A Look Inside Susan Regis’ Shepard

The James Beard Award winning chef returns with open-flame cooking, a hyper-seasonal menu, and cozy environs reminiscent of Julia Child's kitchen.
shepard

Rendering by Austin Architects

When describing their newest restaurant, Shepard, located in the old Chez Henri space in Cambridge, Susan Regis (UpStairs on the Square) and Rene Becker (Hi-Rise Bread Company) tend to use adjectives like “homey,” “warm,” and “no-frills.” You see proof of that down-to-earth aesthetic in touches like painter Meg Alexander’s sinewy tree which wraps around the space in hues of charcoal and brown, the stucco hearth in the center of the room, soon to be alight with a perpetual, crackling fire, and an open kitchen that looks onto Regis’ utilitarian peg board lined with Dutch ovens and copper cookware, an obvious homage to Cambridge’s most iconic culinary figure.

“To put it bluntly, if it weren’t for Julia Child, we wouldn’t be here,” Regis says.

The two chef-owners describe their new concept as “French-ish,” but the spirit of Julia Child seems to permeate more than just the architecture and pragmatic kitchen design. In her own words, Regis’ approach to cooking has an “elemental” quality to it, something emphasized by Shepard’s showpiece wood-burning oven and grill, as well as the chefs’ adherence to all things local and hyper-seasonal.

“Shepard is all about informal, original food achieved through the help of nature and fire,” Regis says. “We’re also very focused on seasonality, which will be difficult, especially here in New England. It means we have to plan menus well ahead of time and build a larder. I think there’s an earnestness to that approach. Even going into something like a Whole Foods, there’s asparagus in March. Sure that’s tempting, but nothing will ever compare to purchasing and preparing ingredients at the height of their season.”

All nods to Julia aside, Regis and Becker say they were drawn to the project by a mutual love of Camino in Oakland, another restaurant dominated by a fireplace and wood-kissed cookery. In fact, Regis says she was so taken by the striking imagery of Russell Moore’s rustic restaurant, with lamb legs roasting over an open flame, that she sought to bring back that same sort of visceral experience to Boston.  That’s why, when the 70-seat restaurant opens later this month, you’ll see dishes like whole butterflied spatchcock hens, oven-roasted fish, and a version of that memorable lamb leg Regis experienced in the Bay Area.


“One of the reasons why Susan and I have remained such good friends is that we have really similar views on food,” Becker says. “We both love simple things. Hi-Rise has always been about simple, homey dishes that are executed perfectly. Most people don’t know this, but doing simple well is very difficult. Susan is one of the few people I know who can really pull it off. We just want the customer to feel like they’re in a place that’s taking care of them. It’s really not about us, it’s completely about them. And we want to make sure that everything we put in front of them is great.”

In addition to all the dramatic, large format presentations, Shepard’s menu will feature razor clams and other bivalves prepared on the wood-burning grill, salads and pastas that will delve into Regis’ aforementioned larder, mousses and terrines served with Becker’s freshly baked breads, and in the near future, pizzas and flatbreads topped with all manner of seasonal delicacies.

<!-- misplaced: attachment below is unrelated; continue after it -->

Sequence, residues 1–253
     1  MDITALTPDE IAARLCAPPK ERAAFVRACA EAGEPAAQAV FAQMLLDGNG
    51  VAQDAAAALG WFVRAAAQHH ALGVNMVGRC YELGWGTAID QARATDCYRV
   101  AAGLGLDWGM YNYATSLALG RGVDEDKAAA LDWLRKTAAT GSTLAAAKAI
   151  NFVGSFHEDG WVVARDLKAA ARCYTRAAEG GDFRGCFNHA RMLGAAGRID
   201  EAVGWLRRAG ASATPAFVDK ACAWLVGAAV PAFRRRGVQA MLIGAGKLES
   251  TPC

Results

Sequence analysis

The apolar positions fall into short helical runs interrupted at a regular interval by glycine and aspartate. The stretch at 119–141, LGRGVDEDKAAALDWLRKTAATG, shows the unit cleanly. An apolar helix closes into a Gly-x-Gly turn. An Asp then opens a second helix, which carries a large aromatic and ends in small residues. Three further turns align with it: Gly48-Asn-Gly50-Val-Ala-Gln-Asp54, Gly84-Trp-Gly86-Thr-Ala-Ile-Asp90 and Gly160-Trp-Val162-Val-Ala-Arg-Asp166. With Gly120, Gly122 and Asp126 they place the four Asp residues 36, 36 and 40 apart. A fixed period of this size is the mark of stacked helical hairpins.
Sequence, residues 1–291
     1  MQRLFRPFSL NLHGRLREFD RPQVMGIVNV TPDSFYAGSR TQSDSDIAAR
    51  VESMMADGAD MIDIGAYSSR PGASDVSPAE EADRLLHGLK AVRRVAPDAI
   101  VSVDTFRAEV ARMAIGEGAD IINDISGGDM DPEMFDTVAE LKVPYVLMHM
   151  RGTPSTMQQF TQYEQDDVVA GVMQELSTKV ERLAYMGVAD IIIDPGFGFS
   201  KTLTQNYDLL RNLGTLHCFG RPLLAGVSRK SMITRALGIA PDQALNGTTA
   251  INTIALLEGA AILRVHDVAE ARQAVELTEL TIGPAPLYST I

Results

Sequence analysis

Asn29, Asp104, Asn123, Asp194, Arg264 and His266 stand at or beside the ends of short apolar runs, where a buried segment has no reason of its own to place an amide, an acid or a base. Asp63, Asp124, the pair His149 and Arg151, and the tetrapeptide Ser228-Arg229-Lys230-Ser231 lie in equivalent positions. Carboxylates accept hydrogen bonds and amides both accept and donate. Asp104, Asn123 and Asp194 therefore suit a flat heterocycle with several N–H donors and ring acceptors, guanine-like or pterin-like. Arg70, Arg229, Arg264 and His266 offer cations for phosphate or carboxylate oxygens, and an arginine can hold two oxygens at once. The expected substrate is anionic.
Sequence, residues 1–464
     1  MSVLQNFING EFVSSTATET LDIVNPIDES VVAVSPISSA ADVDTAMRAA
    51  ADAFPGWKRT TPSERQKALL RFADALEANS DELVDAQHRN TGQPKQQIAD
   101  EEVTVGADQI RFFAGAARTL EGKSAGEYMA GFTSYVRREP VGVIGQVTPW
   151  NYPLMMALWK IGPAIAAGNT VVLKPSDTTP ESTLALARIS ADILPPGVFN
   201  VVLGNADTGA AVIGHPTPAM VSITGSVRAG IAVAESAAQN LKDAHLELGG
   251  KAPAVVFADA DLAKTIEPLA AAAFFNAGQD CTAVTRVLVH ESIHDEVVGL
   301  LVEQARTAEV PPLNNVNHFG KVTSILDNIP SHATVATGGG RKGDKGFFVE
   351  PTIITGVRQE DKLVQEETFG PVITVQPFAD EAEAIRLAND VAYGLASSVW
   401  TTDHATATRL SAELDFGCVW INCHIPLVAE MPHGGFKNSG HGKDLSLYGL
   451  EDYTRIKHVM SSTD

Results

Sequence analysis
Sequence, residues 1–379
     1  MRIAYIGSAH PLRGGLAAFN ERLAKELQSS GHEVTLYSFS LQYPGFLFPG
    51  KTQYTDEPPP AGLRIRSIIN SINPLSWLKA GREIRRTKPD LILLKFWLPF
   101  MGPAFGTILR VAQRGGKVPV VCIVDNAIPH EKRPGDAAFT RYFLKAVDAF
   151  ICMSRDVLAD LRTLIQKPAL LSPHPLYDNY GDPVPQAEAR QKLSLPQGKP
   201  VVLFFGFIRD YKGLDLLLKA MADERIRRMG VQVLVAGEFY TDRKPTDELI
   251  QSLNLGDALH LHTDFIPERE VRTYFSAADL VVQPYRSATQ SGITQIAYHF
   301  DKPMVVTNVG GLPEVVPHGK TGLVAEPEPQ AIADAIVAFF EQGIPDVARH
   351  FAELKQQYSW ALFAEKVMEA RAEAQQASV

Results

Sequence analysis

Joining Regis and Becker in their Cambridge endeavor are chefs Peter McKenzie (Ribelle) and Jared Forman (at least until his own restaurant, Deadhorse Hill, opens in Worcester), front-of-the-house manager Paige Ferrell (Menton, L’Espalier), and bar manager Nicholas Mansur (Brick & Mortar), whose beverage program focuses on classic cocktails, French wine, and local craft beer.

See below for a preview of Shepard’s inaugural menu.

Petit

From the Larder

  • duck liver mousse – brioche, pearl onions 7
  • raw oyster – buttermilk, poppy seeds * 3.5/ea
  • warm ricotta – rye cracker, candy caps 5
  • cured sardine – shallot, citrus * 6
  • smoked mackerel – avocado * 10

From the Grill

  • oyster – cultured nasturtium butter 3.5/ea
  • razor clam – pork rinds, kale 3/ea
  • little necks ­— fermented chilis 2.5/ea
  • pin wheel sausage – charred lemon 5
  • fiddle heads – lemon thyme 6
  • ramps 5

Moins Petite

  • chicories – goat ricotta salata, fried bread, cured yolk * 12
  • gnudi – morels, fava beans and greens 14
  • farro verde garganelli – duck leg, mustard, anchovy 15
  • watercress – brandade 13

Grande

  • black bass – fingerlings, radishes, za’atar 26
  • pork chop – artichoke, green garlic * 25
  • lobster – hay, sunchokes, escerole 27
  • lamb leg – swiss chard gratin * 26

Plus Grande

  • spatchcock hen – nettles, mustard, lemon 48

Sides

  • ember onions and beets – yogurt, chilles, mint 8
  • frites – herbs, shallots 7
  • charred kale – stems, leaves, maple 8
  • fried oyster mushrooms – morel gravy 9

1 Shepard St., Cambridge; 617-714-5295 or shepardcooks.com.


Christopher Hughes Chris Hughes, Food Editor at Boston Magazine chughes@bostonmagazine.com